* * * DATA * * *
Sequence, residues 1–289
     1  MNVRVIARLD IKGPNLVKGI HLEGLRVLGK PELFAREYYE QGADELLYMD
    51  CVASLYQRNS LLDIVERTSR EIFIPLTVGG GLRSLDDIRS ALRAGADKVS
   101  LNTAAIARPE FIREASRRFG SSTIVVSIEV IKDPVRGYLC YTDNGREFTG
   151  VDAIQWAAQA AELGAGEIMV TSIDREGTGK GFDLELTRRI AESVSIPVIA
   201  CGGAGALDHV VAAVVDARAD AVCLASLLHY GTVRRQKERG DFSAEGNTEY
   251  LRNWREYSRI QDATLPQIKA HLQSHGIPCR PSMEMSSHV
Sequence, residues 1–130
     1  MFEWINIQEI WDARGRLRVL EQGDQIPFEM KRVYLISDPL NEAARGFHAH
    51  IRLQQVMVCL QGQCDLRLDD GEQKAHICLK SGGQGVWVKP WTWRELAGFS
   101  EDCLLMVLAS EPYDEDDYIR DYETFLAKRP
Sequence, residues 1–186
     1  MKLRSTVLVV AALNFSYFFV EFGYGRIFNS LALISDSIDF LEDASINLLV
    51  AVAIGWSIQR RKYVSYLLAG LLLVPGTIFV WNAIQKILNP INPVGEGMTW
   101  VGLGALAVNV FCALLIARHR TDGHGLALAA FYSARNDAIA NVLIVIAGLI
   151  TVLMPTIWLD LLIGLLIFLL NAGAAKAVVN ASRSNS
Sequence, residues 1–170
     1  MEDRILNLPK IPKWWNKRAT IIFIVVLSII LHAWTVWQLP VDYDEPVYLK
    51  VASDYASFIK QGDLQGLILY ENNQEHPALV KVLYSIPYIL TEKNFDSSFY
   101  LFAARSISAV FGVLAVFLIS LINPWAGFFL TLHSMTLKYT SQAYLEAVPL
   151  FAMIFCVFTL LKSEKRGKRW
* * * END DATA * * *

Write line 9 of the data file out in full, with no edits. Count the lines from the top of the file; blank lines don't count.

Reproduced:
     1  MFEWINIQEI WDARGRLRVL EQGDQIPFEM KRVYLISDPL NEAARGFHAH